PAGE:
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Opinion - Health and Science

New York City health chief sounds alarm on vaping rates among middle-school children

Dr. Oxiris Barbot, New York City health commissioner
In this April 11, 2018, file photo, a high school student uses a vaping device near a school campus.
AP Photo | Steven Senne

Pediatrician Dr. Oxiris Barbot is New York City's health commissioner. Barbot previously served as medical director for New York City's schools and Baltimore's health commissioner from 2010 to 2014. She was also the chief of pediatrics and community medicine at a health clinic in Washington, D.C.

As a pediatrician, the beginning of the school year makes me think about both the exciting opportunities for children ahead and the health challenges they face. Guarding against unhealthy choices can be especially fraught for middle-school students, as they navigate new independence and friendships.

For today's middle-school students, that now includes the threat of nicotine addiction — and new Health Department data released this week reveals the extent of this threat. We are contending with an escalating public health crisis.

In New York City last year, about 13,000, or 1 in 15, middle-school students reported that they currently use electronic cigarettes. The numbers also rose considerably by grade: 2.6% of 6th graders use e-cigarettes versus 8.4% of 8th graders.

Meanwhile, e-cigarettes are eroding historical gains in reducing the number of children potentially addicted to nicotine. Seventh graders were nine times more likely to use e-cigarettes than conventional cigarettes, while their 8th grade schoolmates were 6 times as likely to use e-cigarettes.

One of the many alarming things about these numbers is that e-cigarettes only became popular less than a decade ago. I have seen firsthand the dangers of nicotine use for young people. Part of my counseling as a pediatrician for parents and youth was educating them about the dangers of tobacco and nicotine.

Nicotine is a highly addictive substance — found in almost all e-cigarettes — and can change the chemistry of the teen brain, worsening memory and concentration for young people. In addition, the aerosol from e-cigarettes can contain cancer-causing chemicals such as formaldehyde and benzene; diacetyl, a chemical linked to serious lung disease; and heavy metals, including nickel, tin and lead.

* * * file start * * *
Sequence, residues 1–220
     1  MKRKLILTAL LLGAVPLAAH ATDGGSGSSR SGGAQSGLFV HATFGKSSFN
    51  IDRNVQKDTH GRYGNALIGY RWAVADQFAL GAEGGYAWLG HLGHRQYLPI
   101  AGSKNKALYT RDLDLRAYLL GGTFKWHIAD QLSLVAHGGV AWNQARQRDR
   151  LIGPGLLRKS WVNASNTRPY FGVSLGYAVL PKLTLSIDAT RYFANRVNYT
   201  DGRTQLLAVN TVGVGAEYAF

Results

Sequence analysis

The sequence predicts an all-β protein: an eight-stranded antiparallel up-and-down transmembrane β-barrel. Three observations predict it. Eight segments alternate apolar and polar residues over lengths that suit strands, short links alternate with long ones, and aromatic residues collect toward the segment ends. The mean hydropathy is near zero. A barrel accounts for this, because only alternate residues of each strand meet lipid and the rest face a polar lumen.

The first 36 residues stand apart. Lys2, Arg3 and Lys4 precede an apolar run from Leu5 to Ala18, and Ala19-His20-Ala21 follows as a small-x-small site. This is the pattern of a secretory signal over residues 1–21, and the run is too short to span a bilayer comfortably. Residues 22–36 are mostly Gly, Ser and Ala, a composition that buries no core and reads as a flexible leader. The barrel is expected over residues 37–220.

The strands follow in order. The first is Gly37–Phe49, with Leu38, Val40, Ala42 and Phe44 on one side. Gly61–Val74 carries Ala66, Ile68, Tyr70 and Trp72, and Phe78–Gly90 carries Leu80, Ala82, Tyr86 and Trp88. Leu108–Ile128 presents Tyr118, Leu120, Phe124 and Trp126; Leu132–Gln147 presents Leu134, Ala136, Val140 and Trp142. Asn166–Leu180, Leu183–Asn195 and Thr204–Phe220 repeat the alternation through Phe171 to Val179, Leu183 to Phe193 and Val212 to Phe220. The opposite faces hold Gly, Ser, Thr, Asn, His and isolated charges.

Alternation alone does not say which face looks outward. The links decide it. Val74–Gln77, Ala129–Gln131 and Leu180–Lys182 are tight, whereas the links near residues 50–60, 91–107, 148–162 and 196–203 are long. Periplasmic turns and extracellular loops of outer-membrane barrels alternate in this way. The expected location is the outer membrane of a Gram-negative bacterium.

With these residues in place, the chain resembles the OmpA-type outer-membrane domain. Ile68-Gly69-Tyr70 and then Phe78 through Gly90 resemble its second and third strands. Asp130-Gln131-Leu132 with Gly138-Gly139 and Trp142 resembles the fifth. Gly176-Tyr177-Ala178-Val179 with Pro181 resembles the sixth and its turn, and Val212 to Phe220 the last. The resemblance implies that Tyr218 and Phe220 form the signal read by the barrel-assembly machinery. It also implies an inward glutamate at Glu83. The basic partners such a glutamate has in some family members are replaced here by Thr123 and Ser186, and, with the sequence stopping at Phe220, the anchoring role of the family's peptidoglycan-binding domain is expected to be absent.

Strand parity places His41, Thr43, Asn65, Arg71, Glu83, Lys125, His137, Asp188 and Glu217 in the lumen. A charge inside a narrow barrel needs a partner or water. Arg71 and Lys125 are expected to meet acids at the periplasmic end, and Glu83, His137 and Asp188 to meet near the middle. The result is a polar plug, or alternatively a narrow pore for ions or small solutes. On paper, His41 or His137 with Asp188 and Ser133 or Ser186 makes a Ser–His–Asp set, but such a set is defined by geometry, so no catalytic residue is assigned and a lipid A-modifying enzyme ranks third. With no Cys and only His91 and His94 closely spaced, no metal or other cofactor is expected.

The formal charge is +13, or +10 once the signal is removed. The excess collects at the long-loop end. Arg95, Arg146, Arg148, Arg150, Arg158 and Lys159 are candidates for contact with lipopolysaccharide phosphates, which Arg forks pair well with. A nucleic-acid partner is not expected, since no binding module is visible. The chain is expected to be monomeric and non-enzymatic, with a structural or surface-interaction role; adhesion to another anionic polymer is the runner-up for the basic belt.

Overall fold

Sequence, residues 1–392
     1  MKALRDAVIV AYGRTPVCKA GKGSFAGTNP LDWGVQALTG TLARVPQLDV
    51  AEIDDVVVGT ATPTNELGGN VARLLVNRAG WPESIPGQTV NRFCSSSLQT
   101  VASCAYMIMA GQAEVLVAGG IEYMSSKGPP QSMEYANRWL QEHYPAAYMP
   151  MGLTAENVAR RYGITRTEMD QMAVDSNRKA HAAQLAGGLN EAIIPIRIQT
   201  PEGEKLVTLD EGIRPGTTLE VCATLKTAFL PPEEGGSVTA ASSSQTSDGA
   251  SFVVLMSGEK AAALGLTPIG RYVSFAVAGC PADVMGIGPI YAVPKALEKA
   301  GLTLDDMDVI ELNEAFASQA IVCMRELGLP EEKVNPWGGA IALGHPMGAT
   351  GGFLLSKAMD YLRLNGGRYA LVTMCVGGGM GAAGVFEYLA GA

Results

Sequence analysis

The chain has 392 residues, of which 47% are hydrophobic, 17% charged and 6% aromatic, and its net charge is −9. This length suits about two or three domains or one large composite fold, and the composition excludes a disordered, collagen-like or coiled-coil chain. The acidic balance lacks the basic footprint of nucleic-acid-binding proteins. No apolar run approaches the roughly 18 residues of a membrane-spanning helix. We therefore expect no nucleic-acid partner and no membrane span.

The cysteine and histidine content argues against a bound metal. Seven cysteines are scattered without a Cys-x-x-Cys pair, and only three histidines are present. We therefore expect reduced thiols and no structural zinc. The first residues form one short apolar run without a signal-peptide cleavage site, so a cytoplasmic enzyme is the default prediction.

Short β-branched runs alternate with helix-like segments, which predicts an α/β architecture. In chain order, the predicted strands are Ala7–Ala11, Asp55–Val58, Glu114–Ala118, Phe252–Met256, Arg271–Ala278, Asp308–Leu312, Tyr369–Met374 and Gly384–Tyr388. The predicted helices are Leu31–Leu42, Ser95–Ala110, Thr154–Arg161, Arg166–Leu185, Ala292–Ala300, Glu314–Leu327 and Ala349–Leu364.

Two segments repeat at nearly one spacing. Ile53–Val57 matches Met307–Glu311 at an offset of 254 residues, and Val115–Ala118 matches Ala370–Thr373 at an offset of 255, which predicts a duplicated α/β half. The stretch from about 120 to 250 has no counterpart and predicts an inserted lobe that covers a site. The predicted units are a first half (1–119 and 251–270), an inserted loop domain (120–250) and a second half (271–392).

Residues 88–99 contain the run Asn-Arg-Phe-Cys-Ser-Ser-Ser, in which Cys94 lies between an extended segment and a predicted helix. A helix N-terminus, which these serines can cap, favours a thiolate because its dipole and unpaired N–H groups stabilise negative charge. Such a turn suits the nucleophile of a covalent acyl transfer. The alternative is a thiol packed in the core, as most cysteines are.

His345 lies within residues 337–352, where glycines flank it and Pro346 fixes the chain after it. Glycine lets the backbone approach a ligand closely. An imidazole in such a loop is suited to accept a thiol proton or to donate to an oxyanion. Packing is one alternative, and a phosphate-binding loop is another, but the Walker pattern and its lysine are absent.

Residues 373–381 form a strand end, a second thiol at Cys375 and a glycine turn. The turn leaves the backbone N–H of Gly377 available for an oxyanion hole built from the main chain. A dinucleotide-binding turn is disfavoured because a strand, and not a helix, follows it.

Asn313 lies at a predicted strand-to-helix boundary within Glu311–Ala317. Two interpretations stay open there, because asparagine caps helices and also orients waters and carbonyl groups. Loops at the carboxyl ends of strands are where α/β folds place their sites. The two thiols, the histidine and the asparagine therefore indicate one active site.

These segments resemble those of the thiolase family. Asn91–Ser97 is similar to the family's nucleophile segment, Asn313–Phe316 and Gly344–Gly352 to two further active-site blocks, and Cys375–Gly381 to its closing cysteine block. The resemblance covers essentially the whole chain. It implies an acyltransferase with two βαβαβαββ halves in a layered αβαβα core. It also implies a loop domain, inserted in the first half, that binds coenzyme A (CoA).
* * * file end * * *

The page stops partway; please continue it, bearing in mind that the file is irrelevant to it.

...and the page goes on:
The new data on youth vaping in New York City also coincides with alarming news from across the country of more than 380 probable or confirmed cases of severe lung illness associated with vaping, including six deaths.

The Trump administration supports a ban on the sale of most flavored e-cigarettes. I hope President Donald Trump's words will match his actions. The federal government must act in order to protect thousands of children across the country. Although the details and exact cause of this illness are still being investigated by the Centers for Disease Control and Prevention, these cases highlight how much remains unknown about potential health impacts of vaping. Regardless, none of these products are safe for our youth.

Yet the tobacco industry is still raising hundreds of millions of dollars to increase sales in products that represent the future of nicotine addiction. The Marlboro maker, Altria Group, invested $12.8 billion in the e-cigarette giant, Juul Labs, for a 35% stake in the company last year. Juul Labs raised $325 million just last month to expand its reach.

In a two-day hearing this summer, Congress and the FDA slammed Juul for its role in driving the youth vaping epidemic. The investigative hearing detailed what has long been reported, that Juul infiltrated schools, summer camps and youth programs — its products are becoming a part of the childhood experience for American youth.

Juul has since pulled many of its flavored products out of retail stores, but that is only leading to copycat products. The latest threat is "Juul-alikes," which are compatible with Juul devices and come in candy and fruity flavors that appeal to kids — pina colada, cinnamon roll and strawberry donuts, to name a few.

We've seen this before. Tobacco companies will choose money over health every time.

Big Tobacco deployed nefarious tactics to promote menthol use in black neighborhoods; they lowered the price of these cigarettes in those communities and even handed them out for free. They poured millions into advertising. These strategies worked — currently more than 85% of black Americans who smoke choose menthol cigarettes, compared with fewer than 5% in the 1950s.

Today, smoking remains a leading cause of death in New York City; about 12,000 New Yorkers die from smoking-related causes each year.

We cannot allow Big Tobacco to do the same damage to young people with e-cigarettes.

As the City's doctor, my advice to parents and young people is to stop using vaping products and learn more about the health risks of vaping. The popularity of e-cigarettes has risen extremely quickly, and we are only beginning to understand the full extent of the dangers. The CDC and Health Department websites have helpful resources, including fact sheets for both youth and parents, and information on the dangers of flavored tobacco and vaping products.

We have concrete evidence that youth vaping is a frightening reality — even for children as young as 11. I urge everyone to use our data to advocate against Big Tobacco and call on your elected officials to act. The legislation before the New York City Council to ban the sale of flavored e-cigarettes that target youth is an important step in the right direction. We must put the health of our children first.